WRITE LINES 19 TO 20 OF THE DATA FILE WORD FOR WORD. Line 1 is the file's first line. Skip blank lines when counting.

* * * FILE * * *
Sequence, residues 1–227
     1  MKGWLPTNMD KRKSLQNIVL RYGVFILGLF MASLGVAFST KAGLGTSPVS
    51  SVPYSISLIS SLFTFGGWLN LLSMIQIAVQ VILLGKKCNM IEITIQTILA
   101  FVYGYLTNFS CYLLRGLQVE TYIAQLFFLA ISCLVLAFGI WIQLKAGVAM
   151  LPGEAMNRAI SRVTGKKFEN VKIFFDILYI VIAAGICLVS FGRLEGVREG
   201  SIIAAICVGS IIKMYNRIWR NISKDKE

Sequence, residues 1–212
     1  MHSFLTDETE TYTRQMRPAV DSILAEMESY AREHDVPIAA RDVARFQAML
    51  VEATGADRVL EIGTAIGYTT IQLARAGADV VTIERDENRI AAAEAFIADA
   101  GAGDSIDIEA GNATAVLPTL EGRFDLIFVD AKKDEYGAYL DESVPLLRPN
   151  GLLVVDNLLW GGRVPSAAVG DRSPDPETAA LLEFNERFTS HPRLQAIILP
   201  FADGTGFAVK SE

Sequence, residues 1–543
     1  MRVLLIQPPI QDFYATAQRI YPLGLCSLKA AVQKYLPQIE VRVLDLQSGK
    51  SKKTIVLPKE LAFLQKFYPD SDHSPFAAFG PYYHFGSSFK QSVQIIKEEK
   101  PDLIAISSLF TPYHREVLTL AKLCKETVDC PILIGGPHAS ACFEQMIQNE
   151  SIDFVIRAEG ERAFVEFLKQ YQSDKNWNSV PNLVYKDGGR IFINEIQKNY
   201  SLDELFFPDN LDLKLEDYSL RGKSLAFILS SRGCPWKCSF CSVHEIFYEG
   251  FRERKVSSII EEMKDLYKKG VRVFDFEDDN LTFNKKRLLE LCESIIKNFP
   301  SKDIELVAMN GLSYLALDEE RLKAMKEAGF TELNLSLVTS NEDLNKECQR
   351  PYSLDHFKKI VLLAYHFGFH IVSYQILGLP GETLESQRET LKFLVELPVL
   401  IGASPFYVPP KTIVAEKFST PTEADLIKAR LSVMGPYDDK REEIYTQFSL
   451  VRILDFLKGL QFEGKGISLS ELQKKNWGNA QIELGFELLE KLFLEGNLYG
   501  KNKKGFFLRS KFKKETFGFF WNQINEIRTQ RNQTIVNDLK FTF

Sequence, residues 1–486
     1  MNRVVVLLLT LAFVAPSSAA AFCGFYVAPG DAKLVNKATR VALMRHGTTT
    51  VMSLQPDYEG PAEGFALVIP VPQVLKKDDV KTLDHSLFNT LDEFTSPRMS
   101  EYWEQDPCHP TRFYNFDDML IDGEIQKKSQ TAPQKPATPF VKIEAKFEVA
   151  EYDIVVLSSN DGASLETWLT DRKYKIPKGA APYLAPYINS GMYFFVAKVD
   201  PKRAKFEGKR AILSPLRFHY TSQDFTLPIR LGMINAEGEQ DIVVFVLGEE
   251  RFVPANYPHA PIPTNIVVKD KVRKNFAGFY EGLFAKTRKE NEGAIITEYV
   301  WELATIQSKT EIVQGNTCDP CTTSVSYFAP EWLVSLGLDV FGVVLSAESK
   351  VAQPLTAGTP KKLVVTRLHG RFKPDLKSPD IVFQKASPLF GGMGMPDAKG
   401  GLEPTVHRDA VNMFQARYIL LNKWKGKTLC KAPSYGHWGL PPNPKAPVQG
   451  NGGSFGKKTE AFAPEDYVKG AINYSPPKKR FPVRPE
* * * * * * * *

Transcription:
   251  FRERKVSSII EEMKDLYKKG VRVFDFEDDN LTFNKKRLLE LCESIIKNFP
   301  SKDIELVAMN GLSYLALDEE RLKAMKEAGF TELNLSLVTS NEDLNKECQR